June beetle larvae image courtesy of Susan Velder

June beetle grubs


Potatoes damaged by June beetle larva. Image courtesy of Susan Velder.

The common June beetle (Phyllophaga spp.) grubs (larvae) can do some damage to potatoes and carrots. Infestations in vegetable gardens are more likely in newly dug gardens that were previously grass or pasture. These grubs can also be a problem in lawns as the fibrous root systems of grasses are their preferred food source. 

The beetle takes three years to complete its life cycle. June beetle adults are nocturnal and remain in the soil during the day. The damage to both vegetable gardens and lawns is most severe in the second year when the grubs mature. They prefer to feed on the roots of grasses, but will feed on potatoes and sometimes other vegetables.

There are natural predators of June beetle grubs including insect parasites and predators, nematodes,  bacteria, fungi, viruses, birds, small mammals and toads.

Symptoms in potatoes:

  • The top portion of potato plants may exhibit wilting or dwarfing caused by larvae feeding on potato tubers. 
  • Tubers have deep tunnels. (See photo)

Control in the vegetable garden:

  • Avoid planting potatoes in newly dug gardens that were previously grass or pasture.
  • If you have planted in a new garden, check plants for signs of wilt or dwarfing. Pull a plant and examine the tubers for grubs or signs of tunneling. If found, harvest your potatoes soon in order to salvage what you can from your current crop.
  • Till the soil after harvest to pulverize the grubs and some of the beetles and expose the eggs to cold and predators. Note that larvae and grubs live very deep in the soil, so tilling won't get rid of all of them.
  • Till again in early spring.
  • Next year, rotate where you grow your potatoes – choose an older, established spot in the garden.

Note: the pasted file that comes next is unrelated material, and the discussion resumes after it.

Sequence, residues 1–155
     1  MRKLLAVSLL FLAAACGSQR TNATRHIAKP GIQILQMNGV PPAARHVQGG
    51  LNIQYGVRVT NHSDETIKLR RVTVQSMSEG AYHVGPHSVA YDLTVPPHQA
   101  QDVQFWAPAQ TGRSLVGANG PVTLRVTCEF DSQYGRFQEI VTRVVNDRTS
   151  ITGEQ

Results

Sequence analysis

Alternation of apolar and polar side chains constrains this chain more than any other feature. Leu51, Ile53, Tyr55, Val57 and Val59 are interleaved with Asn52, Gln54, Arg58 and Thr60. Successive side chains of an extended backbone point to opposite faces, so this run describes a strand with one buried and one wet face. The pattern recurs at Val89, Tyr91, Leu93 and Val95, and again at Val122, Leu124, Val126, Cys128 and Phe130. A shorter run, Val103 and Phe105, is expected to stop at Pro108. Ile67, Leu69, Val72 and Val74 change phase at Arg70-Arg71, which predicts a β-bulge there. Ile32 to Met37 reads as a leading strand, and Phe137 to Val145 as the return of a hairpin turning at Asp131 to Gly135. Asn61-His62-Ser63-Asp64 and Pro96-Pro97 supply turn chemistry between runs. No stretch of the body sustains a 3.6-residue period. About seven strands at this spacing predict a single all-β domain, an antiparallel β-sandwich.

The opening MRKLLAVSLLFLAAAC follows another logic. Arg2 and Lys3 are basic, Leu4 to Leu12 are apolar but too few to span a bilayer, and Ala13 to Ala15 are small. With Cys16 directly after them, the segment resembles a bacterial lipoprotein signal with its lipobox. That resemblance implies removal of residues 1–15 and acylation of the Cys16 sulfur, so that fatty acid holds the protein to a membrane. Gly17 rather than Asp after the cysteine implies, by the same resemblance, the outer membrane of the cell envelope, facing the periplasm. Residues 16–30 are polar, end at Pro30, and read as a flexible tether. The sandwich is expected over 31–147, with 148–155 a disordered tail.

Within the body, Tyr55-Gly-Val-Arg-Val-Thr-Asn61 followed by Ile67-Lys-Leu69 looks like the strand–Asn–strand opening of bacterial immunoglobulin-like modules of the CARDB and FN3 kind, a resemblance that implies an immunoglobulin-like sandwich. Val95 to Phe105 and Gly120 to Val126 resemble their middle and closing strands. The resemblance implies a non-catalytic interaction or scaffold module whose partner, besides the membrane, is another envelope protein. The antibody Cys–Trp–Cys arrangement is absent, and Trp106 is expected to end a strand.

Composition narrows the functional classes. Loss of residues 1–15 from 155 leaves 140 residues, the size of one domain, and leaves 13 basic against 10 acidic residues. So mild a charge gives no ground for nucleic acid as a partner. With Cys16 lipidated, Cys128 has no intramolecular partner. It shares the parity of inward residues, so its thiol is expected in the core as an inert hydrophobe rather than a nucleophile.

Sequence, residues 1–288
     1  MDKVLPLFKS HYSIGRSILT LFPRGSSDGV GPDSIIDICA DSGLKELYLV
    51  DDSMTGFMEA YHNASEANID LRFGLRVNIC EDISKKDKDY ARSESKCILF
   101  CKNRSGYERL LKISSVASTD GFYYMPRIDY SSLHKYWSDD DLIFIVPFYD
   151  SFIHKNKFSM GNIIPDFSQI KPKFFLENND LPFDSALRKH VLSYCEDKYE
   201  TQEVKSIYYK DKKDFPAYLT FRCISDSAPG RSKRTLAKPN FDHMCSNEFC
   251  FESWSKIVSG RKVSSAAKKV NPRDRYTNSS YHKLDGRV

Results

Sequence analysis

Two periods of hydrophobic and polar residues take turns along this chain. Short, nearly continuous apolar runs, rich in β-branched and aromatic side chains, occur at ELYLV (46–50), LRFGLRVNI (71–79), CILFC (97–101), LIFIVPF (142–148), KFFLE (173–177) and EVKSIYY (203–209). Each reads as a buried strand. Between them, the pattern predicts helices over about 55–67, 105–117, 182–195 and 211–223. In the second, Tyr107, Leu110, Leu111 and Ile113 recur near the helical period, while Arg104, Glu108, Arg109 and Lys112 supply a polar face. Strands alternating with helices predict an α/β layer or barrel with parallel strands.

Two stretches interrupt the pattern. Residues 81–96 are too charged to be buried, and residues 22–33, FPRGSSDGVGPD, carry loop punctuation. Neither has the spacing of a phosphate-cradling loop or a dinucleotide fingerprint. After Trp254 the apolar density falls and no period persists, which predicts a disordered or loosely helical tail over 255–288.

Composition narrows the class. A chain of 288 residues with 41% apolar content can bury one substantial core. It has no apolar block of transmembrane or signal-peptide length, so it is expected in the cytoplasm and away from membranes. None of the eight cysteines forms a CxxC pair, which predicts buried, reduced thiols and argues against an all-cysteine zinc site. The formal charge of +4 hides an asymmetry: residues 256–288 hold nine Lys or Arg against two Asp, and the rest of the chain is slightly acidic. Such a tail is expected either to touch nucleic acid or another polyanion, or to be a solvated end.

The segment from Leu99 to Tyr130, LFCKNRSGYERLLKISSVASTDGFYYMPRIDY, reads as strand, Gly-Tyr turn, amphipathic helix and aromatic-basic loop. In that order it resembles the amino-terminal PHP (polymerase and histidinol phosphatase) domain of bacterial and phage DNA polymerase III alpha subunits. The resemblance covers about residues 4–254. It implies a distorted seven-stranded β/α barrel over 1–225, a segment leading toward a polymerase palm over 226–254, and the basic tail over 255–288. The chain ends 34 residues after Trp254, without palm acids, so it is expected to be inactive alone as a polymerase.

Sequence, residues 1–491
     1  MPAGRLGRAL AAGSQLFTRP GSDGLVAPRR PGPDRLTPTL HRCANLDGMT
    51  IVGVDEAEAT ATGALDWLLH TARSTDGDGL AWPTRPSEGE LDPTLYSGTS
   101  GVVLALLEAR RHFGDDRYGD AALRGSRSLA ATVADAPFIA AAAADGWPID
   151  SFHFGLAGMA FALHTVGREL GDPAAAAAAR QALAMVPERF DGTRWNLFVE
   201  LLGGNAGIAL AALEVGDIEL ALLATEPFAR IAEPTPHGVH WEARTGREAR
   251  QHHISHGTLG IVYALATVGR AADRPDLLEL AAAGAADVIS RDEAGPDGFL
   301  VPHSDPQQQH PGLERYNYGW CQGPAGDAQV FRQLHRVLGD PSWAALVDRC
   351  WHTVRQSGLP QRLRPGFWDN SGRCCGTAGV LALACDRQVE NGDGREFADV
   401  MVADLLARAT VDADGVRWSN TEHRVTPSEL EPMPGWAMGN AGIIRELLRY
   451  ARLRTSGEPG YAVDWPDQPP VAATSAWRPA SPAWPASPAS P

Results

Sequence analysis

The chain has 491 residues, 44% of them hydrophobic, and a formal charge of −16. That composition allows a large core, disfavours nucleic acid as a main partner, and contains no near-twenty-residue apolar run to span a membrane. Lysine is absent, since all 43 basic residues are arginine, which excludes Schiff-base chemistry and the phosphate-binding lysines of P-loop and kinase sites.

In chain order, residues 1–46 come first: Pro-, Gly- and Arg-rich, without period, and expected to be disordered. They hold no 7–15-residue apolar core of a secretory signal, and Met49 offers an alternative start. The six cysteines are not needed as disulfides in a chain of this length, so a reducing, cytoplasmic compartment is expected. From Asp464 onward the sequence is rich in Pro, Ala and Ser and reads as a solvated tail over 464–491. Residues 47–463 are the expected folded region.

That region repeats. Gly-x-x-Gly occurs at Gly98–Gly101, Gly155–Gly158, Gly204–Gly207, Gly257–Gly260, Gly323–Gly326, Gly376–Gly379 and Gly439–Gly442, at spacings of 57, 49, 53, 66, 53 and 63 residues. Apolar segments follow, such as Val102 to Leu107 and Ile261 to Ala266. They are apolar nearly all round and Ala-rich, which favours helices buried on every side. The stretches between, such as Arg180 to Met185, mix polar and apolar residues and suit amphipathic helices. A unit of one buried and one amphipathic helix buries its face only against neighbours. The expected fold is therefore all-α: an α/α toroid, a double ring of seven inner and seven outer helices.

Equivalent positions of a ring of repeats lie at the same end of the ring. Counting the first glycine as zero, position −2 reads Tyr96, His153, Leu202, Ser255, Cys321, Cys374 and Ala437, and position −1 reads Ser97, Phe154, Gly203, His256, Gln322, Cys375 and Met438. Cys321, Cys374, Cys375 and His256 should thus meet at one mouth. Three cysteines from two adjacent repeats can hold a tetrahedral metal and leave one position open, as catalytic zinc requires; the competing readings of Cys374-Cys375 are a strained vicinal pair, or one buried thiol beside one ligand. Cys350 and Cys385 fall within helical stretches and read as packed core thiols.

• Do not plant potatoes or other root crops in the area again for at least three years. 

Symptoms in lawns:

  • Feeding on grass roots will cause lawn to wilt and turn brown.
  • Affected areas may be soft and spongy and it may be easy to lift the dead patches of turf. Lift the dead patches to examine the soil for signs of grubs near the surface. If you find 8 - 10 grubs per square foot, the infestation is severe. However, a healthy lawn can tolerate minor infestations of the grubs (5 or less).
  • Sometimes animals such as birds, skunks or other mammals pick at the lawn to feed on the grubs. 
  • Damage tends to be worse during wet periods in early spring or fall. 

Control in the lawn:

  • Handpick grubs as you find them. 
  • Scout for mature June beetles at dawn or dusk as they are nocturnal. Vacuuming them up is a good way to catch them.
  • Stressed lawns are more prone to June beetle grubs. Lawns that have thick thatch, are mowed too short or are watered too often are more prone to these grubs. Remove thatch that is thicker than 2 cm (3/4"). Set your lawn mower blade higher to avoid shearing the lawn. Water deeply but infrequently to encourage deep root growth: 2.5 cm (1") of water every 7 - 10 days.
  • See our brochure for best lawn care practices: Healthy Yards: Lawns
  • Re-seed damaged areas. 


Howard, R. J., Seaman, W. L., & Garland, J. A. (Eds.). (2002). Diseases and pests of vegetable crops in Canada. Vancouver, British Columbia: The Canadian Phytopathological Society and the Entomological Society of Canada.